I give most of my houseplants a light application of worm compost with a light layer of compost over that every spring. Easy does it – 1/4 to 1/2? layer of each for a larger sized houseplant. Read about my worm compost/compost feeding right here.
A good, organic succulent & cactus mix is best for this plant. You want it to be light & well drained. I use a local mix which is very chunky too so the water drains right through. It’s the same mix which I use for my succulents growing outdoors.
If you can’t find a mix locally, here’s a mix you can buy online. Succulents need a loose mix so the roots don’t rot. You may want to up the ante on the drainage factor which lessens the chance of rot by adding some pumice or perlite.
This plant is easy to repot because the leaves don’t fall off as readily as other hanging succulents like the String Of Pearls & the Burro’s Tail Sedum. Succulents can stay tight in their pots for a while so don’t think you need to repot this plant every year or 2.
Make sure the crown of the plant (the top part where all the stems grow out of) is no further down in the pot than 1″. If a String Of Bananas is planted too far down in the pot, it’ll be subject to stem rot.
Spring & summer are the best times for repotting succulents.
You can see tiny roots forming off a few of the mature stems. They practically propagate themselves!
It’s fast & easy. I have you covered in this post & video.
My String Of Bananas have never gotten any infestations but they can be susceptible to aphids & mealybugs. Be sure to click on the link so you can identify them & see the methods of control.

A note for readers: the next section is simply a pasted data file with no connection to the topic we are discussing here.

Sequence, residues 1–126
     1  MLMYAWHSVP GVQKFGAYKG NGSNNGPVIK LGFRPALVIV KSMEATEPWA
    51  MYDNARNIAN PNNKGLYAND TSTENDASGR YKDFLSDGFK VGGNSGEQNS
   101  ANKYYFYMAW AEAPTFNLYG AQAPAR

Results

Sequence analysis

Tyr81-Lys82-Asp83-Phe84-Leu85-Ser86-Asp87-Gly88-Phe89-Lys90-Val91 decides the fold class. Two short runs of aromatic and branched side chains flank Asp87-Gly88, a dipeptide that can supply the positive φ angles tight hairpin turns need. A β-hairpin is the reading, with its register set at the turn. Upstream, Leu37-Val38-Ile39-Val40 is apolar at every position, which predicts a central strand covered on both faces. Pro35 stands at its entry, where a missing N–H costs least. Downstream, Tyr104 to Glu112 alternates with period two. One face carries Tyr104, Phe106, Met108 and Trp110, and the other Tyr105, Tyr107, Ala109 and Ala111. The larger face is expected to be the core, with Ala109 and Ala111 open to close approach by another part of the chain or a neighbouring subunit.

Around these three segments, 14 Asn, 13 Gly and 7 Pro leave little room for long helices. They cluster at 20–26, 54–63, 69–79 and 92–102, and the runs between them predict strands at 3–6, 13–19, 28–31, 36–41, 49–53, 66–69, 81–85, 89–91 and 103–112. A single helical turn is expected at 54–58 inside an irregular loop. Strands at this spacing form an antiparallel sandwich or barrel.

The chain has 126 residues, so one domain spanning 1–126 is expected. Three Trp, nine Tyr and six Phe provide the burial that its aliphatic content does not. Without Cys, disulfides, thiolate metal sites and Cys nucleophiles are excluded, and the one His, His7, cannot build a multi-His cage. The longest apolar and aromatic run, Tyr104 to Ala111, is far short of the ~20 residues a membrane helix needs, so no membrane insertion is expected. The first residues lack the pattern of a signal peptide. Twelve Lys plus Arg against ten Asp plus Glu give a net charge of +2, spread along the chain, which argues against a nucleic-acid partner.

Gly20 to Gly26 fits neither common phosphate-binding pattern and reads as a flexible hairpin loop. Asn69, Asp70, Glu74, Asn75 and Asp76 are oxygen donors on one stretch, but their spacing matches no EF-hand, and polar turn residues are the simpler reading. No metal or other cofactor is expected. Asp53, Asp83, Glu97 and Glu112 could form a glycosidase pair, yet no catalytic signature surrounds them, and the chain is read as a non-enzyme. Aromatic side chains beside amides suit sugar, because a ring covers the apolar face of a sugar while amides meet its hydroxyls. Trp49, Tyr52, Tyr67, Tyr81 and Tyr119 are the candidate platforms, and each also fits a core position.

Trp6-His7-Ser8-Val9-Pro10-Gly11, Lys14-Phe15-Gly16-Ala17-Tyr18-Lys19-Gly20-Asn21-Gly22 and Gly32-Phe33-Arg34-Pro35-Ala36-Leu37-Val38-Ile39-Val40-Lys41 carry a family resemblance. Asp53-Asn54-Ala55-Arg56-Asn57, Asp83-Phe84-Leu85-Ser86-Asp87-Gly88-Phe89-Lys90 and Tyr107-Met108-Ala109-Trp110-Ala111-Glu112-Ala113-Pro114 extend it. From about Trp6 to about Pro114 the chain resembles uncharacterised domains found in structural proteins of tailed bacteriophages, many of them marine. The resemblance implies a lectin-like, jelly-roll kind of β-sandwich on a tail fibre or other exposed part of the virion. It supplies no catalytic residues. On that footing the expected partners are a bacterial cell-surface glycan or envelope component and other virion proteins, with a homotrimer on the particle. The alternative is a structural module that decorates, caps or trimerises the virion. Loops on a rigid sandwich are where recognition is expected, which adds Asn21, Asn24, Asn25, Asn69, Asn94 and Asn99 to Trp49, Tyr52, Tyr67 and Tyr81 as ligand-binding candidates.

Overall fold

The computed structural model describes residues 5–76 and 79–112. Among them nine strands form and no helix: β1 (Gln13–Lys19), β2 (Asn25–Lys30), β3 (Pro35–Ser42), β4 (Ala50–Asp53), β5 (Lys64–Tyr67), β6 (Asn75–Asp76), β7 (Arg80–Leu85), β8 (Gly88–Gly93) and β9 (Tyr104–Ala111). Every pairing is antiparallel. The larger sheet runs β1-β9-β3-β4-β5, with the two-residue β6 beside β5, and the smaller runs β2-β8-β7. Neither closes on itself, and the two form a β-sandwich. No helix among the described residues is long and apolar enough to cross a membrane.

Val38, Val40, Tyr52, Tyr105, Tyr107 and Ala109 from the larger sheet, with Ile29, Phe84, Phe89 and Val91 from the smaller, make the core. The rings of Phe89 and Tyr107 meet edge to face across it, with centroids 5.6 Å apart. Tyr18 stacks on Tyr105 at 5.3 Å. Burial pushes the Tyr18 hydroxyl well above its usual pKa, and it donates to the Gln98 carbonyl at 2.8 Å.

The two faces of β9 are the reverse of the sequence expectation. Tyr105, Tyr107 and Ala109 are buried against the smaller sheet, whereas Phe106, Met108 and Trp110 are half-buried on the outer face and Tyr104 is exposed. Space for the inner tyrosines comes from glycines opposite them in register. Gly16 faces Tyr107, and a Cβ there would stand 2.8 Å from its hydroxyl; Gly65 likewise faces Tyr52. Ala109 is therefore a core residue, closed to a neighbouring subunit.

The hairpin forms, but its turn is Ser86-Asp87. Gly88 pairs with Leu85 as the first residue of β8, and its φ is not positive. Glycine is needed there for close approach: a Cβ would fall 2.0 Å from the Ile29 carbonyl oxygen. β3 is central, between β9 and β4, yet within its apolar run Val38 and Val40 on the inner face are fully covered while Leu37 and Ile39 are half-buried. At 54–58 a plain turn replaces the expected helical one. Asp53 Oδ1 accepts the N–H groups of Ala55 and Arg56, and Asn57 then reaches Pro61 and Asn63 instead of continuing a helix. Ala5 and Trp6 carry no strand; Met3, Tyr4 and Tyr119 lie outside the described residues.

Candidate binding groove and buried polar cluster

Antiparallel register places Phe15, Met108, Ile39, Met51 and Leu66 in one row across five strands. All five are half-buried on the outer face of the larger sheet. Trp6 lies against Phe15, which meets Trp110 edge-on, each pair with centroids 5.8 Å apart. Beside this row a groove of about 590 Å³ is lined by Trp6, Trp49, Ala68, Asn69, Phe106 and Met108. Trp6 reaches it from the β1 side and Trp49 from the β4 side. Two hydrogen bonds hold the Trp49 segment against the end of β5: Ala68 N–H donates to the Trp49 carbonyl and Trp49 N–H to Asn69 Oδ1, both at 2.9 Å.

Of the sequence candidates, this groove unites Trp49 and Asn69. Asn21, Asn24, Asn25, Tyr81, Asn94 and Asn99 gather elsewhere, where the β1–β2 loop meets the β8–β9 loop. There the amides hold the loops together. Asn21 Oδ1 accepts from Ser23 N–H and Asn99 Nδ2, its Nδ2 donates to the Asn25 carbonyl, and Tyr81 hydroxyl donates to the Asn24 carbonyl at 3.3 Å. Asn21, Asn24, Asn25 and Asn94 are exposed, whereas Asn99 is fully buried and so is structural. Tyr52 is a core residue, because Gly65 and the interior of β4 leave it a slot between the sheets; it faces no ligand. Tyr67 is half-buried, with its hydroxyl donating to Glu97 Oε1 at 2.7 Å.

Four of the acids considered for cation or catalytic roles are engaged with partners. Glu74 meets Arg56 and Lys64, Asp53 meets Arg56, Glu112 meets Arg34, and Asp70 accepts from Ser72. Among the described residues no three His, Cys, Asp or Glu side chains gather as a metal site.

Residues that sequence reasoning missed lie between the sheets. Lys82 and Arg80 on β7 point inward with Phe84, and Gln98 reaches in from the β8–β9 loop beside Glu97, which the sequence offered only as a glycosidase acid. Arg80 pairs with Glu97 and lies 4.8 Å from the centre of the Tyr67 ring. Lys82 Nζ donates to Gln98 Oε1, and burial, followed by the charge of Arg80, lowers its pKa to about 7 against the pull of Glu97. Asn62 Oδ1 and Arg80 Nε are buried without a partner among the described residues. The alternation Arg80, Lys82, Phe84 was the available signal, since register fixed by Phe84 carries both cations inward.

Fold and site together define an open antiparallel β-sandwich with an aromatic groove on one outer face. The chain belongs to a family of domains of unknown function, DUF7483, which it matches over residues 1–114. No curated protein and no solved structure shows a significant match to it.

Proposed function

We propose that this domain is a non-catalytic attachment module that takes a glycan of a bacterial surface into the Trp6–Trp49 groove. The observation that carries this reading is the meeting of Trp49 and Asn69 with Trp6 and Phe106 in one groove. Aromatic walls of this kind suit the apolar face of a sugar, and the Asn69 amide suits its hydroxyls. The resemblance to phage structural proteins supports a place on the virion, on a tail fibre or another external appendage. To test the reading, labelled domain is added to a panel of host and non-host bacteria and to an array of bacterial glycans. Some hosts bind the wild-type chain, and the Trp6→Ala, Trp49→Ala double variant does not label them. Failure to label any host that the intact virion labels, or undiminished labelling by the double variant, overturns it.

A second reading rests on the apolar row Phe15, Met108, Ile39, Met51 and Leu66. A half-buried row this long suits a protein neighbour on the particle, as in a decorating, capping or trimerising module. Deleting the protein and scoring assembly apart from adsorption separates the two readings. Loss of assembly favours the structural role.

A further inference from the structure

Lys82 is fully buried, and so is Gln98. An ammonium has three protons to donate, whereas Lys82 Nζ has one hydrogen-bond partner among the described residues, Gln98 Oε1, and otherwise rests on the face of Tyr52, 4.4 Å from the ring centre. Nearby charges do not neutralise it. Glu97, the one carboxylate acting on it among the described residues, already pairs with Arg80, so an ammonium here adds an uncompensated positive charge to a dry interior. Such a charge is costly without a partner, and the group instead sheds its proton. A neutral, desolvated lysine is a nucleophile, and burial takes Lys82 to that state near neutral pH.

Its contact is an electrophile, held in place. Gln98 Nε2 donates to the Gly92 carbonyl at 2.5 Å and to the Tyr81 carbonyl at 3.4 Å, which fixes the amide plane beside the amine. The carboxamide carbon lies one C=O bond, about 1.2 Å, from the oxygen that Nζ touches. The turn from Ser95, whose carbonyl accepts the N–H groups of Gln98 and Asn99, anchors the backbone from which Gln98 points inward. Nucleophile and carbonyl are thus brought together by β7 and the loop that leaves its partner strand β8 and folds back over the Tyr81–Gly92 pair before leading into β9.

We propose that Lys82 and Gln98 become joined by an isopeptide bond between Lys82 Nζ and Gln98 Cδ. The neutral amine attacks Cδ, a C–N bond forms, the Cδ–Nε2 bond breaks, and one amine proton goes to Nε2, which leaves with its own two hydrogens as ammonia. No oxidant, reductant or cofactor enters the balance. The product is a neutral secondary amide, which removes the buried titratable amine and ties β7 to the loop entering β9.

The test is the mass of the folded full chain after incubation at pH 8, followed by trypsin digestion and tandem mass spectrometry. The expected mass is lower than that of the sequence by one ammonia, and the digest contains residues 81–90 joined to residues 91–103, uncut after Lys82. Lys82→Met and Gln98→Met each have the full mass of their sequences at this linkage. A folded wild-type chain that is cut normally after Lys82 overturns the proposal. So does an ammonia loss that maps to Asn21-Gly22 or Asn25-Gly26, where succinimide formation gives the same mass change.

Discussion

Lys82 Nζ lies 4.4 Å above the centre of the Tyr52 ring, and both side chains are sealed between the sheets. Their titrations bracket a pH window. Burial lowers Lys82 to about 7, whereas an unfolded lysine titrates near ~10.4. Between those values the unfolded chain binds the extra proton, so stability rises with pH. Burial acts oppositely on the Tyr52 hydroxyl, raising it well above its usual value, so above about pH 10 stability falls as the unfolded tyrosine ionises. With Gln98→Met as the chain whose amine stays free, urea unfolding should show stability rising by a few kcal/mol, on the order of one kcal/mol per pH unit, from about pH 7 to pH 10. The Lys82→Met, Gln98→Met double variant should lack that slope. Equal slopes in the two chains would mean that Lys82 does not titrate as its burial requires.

This I’m not 100% sure of because SOBs isn’t on the ASPCA list. Because they’re related to String Of Pearls which are considered to be toxic, I’d say this 1 is too. If your pets are prone to chewing on plants, keep it out of their reach. With this plant, it’s easy to do because you can hang it or place it high on a bookcase or shelf.
It does! The white puffy flowers are borne on long stems which curve slightly upwards. They aren’t as fragrant as the String Of Pearls flowers but they’re pretty none the less. The bloom time here is winter as for a lot of succulents. The shorter days & cooler evenings play into this.
My String Of Bananas never flowered indoors but it does outdoors. Please let me know if your plant flowers indoors.
This is what happens when you prune a stem. Multiple stems fork off of it.
What To Know About Putting Yours Outside for Summer
If you live in a cold climate, your String Of Bananas would greatly appreciate a summer vacation in the great outdoors. Everything I’ve written above applies except for 3 things I want to point out:
Make sure it doesn’t get any strong, direct sun or it’ll burn in no time flat.
If you get a lot of rain over the summer months, you might consider placing yours under protection. A covered patio or screened porch would be fine. If a String Of Bananas gets too wet & doesn’t dry out, it could rot & the stems & bananas (the leaves) will turn to mush.
When you bring your String Of Bananas back inside for the cold months, be sure to give it a good hosing down (gently – not like a firehose blast) to knock off any hitchhiking pests &/or their eggs.
2 Things That’ll Make A String Of Bananas Houseplant Say Bye-Bye
- Not enough light & 2) overwatering. Either of these or especially a combo will lead to the decline of your beautiful hanging succulent.
Here’s another thing I’ve found to be true. In all my succulent shopping expeditions (& there have been a lot of them!) is that String Of Pearls and Burro’s Tail Sedums are more commonly found to be for sale. If you can find a String Of Bananas for sale, buy it. This plant always makes me smile!
This post may contain affiliate links. Please check our policies here.